Clostridia as a treatment in Inflammatory and Allergic Disease – Implications for Autism.

Treg induction by a rationally selected mixture of Clostridia strains from the human microbiota

http://www.nature.com/nature/journal/v500/n7461/full/nature12331.html?WT.ec_id=NATURE-20130808

Manipulation of the gut microbiota holds great promise for the treatment of inflammatory and allergic diseases1, 2.

Although numerous probiotic microorganisms have been identified3, there remains a compelling need to discover organisms that elicit more robust therapeutic responses, are compatible with the host, and can affect a specific arm of the host immune system in a well-controlled, physiological manner.

Here we use a rational approach to isolate CD4+FOXP3+ regulatory T (Treg)-cell-inducing bacterial strains from the human indigenous microbiota.

Starting with a healthy human faecal sample, a sequence of selection steps was applied to obtain mice colonized with human microbiota enriched in Treg-cell-inducing species.

From these mice, we isolated and selected 17 strains of bacteria on the basis of their high potency in enhancing Treg cell abundance and inducing important anti-inflammatory molecules—including interleukin-10 (IL-) and inducible T-cell co-stimulator (ICOS)—in Treg cells upon inoculation into germ-free mice.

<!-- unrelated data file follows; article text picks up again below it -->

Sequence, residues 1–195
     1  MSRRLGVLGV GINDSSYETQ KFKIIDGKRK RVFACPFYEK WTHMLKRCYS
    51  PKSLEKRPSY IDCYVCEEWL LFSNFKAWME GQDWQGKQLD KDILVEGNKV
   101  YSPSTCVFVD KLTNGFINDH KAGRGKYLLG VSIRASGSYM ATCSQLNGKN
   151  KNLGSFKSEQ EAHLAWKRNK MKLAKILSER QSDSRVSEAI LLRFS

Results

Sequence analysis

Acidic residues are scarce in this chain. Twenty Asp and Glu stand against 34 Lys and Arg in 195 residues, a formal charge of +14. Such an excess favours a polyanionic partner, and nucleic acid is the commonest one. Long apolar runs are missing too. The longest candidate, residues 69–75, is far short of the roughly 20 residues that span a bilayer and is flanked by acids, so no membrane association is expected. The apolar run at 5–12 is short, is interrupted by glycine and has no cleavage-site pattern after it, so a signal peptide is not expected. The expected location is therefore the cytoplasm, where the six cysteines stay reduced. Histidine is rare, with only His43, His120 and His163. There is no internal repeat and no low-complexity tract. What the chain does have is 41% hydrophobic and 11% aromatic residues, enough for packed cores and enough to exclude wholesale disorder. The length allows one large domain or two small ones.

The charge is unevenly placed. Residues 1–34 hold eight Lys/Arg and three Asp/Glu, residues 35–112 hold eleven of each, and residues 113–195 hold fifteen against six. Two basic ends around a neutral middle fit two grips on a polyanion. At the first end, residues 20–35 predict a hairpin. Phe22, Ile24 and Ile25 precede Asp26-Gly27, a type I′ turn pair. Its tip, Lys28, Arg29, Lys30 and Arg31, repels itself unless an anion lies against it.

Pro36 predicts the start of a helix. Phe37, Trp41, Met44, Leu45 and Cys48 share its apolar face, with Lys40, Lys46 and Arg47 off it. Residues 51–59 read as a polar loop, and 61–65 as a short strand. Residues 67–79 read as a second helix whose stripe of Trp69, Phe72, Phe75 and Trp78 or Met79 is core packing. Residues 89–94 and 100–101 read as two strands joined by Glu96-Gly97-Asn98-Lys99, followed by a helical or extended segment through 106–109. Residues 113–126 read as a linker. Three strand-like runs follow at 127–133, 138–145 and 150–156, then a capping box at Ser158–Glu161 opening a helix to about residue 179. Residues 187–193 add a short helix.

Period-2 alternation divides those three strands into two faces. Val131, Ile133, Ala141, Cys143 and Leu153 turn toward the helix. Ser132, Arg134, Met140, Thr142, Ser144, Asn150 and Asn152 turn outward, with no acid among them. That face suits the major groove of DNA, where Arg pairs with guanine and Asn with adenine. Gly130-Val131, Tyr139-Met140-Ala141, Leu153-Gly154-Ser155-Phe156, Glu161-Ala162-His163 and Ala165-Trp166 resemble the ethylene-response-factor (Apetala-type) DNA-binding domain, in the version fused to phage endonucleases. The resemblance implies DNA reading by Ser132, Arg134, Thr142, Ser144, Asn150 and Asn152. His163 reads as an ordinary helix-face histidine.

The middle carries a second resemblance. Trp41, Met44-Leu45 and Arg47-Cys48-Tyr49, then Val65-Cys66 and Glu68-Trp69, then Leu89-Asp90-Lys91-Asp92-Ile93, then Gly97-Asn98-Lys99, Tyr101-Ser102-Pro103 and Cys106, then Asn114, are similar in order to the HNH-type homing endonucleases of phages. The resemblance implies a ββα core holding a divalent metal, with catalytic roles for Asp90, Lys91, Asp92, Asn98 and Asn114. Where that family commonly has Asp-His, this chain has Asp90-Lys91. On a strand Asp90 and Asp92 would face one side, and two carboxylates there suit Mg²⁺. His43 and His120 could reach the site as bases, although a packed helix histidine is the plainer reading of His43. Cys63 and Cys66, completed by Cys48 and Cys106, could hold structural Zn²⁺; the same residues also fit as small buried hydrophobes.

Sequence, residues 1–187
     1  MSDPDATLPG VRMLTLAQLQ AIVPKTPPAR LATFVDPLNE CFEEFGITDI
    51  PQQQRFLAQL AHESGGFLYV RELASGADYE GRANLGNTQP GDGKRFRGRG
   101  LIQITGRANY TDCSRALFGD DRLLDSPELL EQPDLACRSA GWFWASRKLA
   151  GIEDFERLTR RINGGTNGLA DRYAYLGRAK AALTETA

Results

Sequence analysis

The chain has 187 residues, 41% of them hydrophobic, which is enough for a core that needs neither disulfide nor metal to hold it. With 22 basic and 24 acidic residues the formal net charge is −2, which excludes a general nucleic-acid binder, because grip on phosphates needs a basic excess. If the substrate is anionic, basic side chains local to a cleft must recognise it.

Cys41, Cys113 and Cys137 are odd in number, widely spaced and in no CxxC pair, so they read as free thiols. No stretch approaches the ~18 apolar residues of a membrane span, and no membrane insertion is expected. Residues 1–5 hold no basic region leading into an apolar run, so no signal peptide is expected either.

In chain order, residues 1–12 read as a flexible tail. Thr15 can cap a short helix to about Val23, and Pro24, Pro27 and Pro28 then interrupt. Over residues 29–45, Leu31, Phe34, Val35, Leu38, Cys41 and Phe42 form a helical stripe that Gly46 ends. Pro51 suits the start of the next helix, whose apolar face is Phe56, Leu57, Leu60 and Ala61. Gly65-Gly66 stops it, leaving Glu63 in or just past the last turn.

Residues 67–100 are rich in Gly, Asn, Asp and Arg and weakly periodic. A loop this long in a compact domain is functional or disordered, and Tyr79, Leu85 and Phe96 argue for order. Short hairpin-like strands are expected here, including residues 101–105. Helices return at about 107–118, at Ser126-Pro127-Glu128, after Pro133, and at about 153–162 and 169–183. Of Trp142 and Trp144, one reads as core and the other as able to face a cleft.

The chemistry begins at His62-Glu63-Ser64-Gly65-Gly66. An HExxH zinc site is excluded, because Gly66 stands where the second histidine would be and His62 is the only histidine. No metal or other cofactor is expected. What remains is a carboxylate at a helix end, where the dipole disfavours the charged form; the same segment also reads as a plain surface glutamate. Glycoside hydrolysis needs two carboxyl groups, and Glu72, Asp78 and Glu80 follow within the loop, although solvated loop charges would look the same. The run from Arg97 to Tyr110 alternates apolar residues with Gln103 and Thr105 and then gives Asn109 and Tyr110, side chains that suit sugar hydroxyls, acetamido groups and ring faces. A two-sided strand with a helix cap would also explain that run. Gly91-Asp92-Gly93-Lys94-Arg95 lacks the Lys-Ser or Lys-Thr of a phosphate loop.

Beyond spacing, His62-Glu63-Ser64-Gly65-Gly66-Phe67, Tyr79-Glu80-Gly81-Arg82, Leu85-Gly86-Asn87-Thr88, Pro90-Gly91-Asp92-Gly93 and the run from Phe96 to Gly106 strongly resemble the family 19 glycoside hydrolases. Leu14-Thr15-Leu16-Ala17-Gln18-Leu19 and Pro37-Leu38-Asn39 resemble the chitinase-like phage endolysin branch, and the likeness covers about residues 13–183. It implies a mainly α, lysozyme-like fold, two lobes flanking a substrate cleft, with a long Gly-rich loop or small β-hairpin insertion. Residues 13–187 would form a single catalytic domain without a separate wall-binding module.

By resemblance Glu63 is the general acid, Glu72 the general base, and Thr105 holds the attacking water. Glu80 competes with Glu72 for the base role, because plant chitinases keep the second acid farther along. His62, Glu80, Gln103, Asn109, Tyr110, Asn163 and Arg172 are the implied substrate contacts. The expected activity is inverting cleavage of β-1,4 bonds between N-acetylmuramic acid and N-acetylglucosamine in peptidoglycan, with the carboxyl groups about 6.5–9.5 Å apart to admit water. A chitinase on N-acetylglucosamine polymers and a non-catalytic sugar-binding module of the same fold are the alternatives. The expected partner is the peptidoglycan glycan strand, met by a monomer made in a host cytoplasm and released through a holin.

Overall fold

Genome sequencing revealed that the 17 strains fall within clusters IV, XIVa and XVIII of Clostridia, which lack prominent toxins and virulence factors.

The 17 strains act as a community to provide bacterial antigens and a TGF-β-rich environment to help expansion and differentiation of Treg cells.

Oral administration of the combination of 17 strains to adult mice attenuated disease in models of colitis and allergic diarrhoea. Use of the isolated strains may allow for tailored therapeutic manipulation of human immune disorders.

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Further Readings of Interest

Impaired carbohydrate digestion and transport and mucosal dysbiosis in the intestines of children with autism and gastrointestinal disturbances.

Gut microbiota and pediatric disease.

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This entry was posted in Allergy, Autism, co-morbid, Environment, Gut, Immune System, Inflammation, Mice, Neurology, Physiology, Treatment. Bookmark the permalink.

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